September 25, 2009

Obama Talks Development and Diplomacy on the World Stage


President Obama kept a fast-paced schedule this week in New York and at the G20 Summit in Pittsburgh where he and Secretary Clinton both stressed the importance of U.S. engagement with the world on topics as diverse as climate change and food security.   While the U.N. General Assembly ended without a clear path to a global compact on climate change, there was a notable change in the way the issue was discussed—not whether we should address climate change but how should we address this issue that impacts us all.  On the food security front, Secretary Clinton is leading a discussion this weekend about a comprehensive approach to food security that the Obama Administration has pledged $20 billion toward.

In New York on Tuesday, the President stopped by the Clinton Global Initiative (CGI) meeting, and he discussed how “we’re making substantial increases in foreign assistance.”  Secretary Clinton will be speaking at CGI today, where we expect her to discuss development efforts in more detail.  Previewing the U.S. agenda for the U.N. last week in Washington, Clinton made it clear that the U.S. will “approach development in tandem with our diplomacy—to be effective and efficient and enable the State Department, USAID and the Millennium Challenge Corporation to pursue and execute 21st century foreign policy goals.”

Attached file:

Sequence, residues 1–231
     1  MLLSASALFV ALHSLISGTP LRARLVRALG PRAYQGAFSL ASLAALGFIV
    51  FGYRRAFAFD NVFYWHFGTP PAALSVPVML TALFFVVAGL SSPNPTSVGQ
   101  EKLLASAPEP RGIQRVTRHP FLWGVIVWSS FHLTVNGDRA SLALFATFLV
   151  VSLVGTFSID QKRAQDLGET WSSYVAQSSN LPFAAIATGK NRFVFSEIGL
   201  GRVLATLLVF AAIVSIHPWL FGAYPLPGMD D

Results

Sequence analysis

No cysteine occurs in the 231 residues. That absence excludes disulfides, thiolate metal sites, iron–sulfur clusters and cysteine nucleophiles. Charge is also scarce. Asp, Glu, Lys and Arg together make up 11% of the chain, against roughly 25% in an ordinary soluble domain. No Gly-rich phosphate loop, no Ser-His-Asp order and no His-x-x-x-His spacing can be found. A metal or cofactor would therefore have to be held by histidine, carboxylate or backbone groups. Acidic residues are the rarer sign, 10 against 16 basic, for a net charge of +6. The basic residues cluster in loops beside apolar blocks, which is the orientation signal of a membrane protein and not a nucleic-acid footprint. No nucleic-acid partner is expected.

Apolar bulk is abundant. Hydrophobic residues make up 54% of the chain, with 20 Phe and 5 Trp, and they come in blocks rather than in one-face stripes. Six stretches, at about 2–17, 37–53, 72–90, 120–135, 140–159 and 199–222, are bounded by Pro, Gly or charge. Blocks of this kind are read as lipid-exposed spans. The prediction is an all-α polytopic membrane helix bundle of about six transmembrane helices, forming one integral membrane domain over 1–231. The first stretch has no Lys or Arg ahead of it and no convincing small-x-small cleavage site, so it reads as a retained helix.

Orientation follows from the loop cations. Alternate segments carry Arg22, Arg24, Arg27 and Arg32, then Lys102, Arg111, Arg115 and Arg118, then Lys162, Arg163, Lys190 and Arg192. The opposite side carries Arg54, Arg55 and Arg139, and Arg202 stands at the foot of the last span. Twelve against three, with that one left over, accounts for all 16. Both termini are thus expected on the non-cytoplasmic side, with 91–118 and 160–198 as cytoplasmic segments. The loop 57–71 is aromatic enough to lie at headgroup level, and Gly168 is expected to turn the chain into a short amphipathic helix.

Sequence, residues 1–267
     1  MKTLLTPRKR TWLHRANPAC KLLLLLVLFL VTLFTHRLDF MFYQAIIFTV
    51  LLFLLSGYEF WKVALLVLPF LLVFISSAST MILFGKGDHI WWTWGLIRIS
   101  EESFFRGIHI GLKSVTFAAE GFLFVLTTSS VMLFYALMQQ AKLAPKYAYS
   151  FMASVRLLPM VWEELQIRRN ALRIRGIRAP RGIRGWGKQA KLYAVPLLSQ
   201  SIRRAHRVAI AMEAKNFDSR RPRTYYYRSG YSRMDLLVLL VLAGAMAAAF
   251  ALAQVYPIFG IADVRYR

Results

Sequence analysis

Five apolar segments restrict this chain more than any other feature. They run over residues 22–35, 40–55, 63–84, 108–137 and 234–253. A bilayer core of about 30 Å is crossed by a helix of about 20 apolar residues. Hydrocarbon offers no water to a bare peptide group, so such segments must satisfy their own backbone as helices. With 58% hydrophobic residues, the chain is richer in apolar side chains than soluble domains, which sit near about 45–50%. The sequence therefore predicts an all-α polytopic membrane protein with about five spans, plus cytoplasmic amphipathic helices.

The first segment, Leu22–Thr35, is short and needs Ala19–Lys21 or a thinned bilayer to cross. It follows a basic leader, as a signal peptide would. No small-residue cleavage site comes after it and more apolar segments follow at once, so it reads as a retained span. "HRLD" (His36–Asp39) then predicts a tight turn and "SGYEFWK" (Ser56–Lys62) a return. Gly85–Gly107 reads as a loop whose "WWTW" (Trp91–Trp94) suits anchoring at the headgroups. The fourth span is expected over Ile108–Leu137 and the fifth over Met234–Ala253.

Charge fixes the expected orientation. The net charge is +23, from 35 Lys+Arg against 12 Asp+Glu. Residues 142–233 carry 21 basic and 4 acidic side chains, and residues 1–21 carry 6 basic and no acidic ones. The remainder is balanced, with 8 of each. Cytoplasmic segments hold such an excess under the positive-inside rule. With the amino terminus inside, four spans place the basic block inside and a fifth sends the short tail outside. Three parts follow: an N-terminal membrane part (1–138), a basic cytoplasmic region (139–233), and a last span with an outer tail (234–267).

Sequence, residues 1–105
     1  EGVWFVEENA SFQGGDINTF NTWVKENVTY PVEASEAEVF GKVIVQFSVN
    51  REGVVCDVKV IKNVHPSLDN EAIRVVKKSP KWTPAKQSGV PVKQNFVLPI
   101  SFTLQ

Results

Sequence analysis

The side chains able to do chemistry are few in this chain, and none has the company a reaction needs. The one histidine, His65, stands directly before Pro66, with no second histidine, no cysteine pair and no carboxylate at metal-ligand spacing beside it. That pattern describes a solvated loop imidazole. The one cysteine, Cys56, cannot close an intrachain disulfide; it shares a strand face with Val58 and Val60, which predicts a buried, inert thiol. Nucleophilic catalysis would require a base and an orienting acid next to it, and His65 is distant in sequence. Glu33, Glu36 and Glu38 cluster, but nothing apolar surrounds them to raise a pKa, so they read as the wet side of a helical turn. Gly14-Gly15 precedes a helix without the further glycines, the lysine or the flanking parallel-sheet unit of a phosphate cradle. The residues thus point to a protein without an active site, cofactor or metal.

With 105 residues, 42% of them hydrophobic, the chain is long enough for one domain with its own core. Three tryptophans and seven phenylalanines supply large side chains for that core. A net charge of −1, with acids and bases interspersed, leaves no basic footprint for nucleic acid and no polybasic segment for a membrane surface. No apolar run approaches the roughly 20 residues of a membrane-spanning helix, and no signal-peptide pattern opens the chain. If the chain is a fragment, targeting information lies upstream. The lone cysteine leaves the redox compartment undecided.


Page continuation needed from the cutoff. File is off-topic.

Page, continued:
Administration begins reviews of Development and Diplomacy

The level of activity around development and diplomacy continues to grow in Washington as efforts such as the President’s Study Directive on Global Development (PSD) and the State Department’s Quadrennial Diplomacy and Development Review (QDDR) begin to take shape.  Gayle Smith, Senior Director for Development at the National Security Council (NSC), and Jeremy Weinstein, Director for Democracy at NSC, are leading the effort on the PSD for the White House, meeting with Congressional staff to gain their input, working with an interagency group to gain insight from all the relevant programs that fund foreign assistance across the government and hearing from stakeholders like the USGLC.

The USGLC will host a public dialogue with the State Department’s Quadrennial Diplomacy and Development Review in early October featuring the leadership of this important effort—Deputy Secretary of State Jack Lew, Director of Policy and Planning Anne-Marie Slaughter, and Acting USAID Administrator Alonzo Fulgham.  As part of the USGLC’s “Putting Smart Power to Work” series, the event will allow for an interactive dialogue between the QDDR leadership and staff and leaders from the NGO and business worlds.

Whether all of the efforts taking place across the government will result in a clear national development strategy, a USGLC recommendation during the Impact 08 campaign, remains uncertain.  We will continue to keep you up-to-date on all of these issues and look forward to giving you more information soon on our event with the leadership of the QDDR.